I have a soon-to-be four year old. He’s very "with it" and knows what’s going on in the world, more than most kids his age. So, it surprised me when he started off with his newest shtick. If we tell or ask him to do something, he will say "no." However, if we ask "the frog" (in third-person) to do something, he’ll "hop" to it. Usually, he doesn’t fall for such things, but it seems to work. Up until yesterday, that is.
I woke the kids up at their usual time and went to make them breakfast. I noticed that he wasn’t coming to eat, so I called out “Hey! Where’s the frog!?!?”
He responded from his bed, “I’m dead!”
I was not expecting THAT answer.
Thankfully, he recuperated and is alive again. Not a bad answer.
I feel bad for this week’s and next week’s parshiyot. They speak mainly of tzaraas, a type of skin disease which is a physical manifestation of a spiritual ailment (dang! THAT was impressive English!) And since we have no real concept of it, and the details are so many, we sort of quickly go over them.
However, there has always been one question that I’ve had, for which I’ve never seen an answer. That is, until this week.
As we know, tzaraas was a white skin blemish, and depending on the size and hue, if a person has it, he is considered impure and must wait a certain amount of time before purifying himself. However, if a person has this white skin blemish covering his entire body, he is considered PURE! If anything, one would think that he’s super-impure, but, the Torah says otherwise.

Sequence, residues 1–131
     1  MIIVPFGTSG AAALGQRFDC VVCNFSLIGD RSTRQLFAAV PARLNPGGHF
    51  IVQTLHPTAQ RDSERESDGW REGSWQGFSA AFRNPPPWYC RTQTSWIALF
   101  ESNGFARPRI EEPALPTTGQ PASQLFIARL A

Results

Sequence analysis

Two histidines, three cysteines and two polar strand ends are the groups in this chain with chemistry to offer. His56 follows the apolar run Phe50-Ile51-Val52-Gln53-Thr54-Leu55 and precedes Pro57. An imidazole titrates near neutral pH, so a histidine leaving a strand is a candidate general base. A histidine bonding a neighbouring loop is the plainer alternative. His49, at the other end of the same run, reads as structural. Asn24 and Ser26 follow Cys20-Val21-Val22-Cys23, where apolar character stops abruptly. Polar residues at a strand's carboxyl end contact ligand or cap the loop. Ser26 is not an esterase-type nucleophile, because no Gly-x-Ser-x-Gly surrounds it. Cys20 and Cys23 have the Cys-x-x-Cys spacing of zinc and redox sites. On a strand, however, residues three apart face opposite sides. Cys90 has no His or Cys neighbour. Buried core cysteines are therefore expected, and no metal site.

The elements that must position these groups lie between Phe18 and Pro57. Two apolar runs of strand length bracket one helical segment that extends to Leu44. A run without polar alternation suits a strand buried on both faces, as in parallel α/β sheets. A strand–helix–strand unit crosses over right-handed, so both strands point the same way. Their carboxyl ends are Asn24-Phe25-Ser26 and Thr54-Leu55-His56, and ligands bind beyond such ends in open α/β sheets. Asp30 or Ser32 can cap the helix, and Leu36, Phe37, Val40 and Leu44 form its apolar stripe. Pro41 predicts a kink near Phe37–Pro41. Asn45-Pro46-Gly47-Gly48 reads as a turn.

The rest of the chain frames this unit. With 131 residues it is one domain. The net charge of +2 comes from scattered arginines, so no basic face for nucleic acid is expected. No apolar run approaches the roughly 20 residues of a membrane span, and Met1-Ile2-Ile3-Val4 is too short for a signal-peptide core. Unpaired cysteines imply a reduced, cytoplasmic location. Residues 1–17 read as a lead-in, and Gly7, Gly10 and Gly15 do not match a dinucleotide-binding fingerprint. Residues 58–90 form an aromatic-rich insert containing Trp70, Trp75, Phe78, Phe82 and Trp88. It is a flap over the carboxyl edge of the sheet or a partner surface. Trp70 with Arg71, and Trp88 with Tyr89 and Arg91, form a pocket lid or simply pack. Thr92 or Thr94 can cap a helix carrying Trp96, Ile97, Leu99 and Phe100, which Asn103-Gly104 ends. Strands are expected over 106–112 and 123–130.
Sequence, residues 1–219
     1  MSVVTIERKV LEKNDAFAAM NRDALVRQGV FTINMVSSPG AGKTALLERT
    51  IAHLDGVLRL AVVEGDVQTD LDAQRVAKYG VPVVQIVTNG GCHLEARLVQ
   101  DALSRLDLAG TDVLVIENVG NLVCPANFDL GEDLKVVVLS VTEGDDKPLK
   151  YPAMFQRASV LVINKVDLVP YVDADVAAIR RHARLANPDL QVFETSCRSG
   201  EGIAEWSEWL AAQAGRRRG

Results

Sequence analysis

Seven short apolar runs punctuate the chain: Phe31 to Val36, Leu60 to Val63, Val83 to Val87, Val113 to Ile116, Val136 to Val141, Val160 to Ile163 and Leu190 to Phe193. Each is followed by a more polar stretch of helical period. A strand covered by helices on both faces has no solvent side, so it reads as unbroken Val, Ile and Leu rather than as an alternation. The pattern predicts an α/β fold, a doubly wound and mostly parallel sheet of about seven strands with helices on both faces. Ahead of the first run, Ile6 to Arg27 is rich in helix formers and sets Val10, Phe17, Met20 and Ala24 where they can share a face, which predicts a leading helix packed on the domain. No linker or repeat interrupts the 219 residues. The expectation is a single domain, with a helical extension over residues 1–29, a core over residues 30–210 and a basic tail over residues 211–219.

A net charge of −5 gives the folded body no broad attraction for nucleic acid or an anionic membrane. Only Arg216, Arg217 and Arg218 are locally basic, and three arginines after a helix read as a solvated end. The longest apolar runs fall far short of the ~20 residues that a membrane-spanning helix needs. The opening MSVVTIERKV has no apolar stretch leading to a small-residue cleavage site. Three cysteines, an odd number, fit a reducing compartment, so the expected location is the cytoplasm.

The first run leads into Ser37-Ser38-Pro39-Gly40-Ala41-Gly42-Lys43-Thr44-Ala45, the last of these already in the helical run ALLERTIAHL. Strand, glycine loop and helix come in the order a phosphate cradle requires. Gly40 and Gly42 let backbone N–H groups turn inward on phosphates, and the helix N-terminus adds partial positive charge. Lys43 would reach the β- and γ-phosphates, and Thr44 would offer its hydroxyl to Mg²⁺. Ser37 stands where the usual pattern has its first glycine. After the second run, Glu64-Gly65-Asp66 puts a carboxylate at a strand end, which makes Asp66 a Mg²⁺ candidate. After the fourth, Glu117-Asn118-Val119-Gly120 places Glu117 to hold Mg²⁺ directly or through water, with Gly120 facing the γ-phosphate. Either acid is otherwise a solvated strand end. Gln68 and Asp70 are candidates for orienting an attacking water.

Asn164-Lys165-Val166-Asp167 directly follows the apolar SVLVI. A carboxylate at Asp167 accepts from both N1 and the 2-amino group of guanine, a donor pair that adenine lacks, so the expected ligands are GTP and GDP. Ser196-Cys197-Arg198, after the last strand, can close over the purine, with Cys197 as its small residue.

Rav Pinkus quotes the Rambam (Hilchos Melachim 6:7) who says that when we go to war against a city and lay siege to it, we must be very careful not to surround the entire city, rather, we should be careful to allow the residents an escape route to flee. I’m not a general, but this tends to go against sound military strategy.
What’s the reason for this? Shlomo HaMelech states (Koheles 3:15), “Hashem seeks out the one being pursued” and the Midrash explains, “even the tsaddik who’s chasing the evil doer." In simple English: Somebody who is being pursued and cries out to Hashem, even if he is evil, Hashem will listen to him.
Therefore, if a city is completely surrounded, and feel that all is lost, they will cry out to Hashem, and there is a better chance that Hashem will save them from our hands. Therefore, if we allow them to escape, they will not feel that "all is lost" and will not daven to Hashem, and therefore, we will retain the upper hand. That is one reason one should be careful about afflicting a widow or orphan. These are people who have no support to lean on and are considered “pursued” by you. If they cry out to Hashem because of the pain you are causing them….
This too is the lesson of the tzaraas. When a person receives tzaraas, he is impure. However, when he is completely surrounded by it, Hashem hears his pain and declares him pure.
This is a good reminder of how we should daven every day. Whenever we fall because of the Yetzer Harah, we should daven for help as somebody being chased (after all, are we NOT being chased by him?). When we ask help from Hashem, knowing that we have no room to escape without Him, there will be a better chance that He will help us out.
Have a great Shabbos!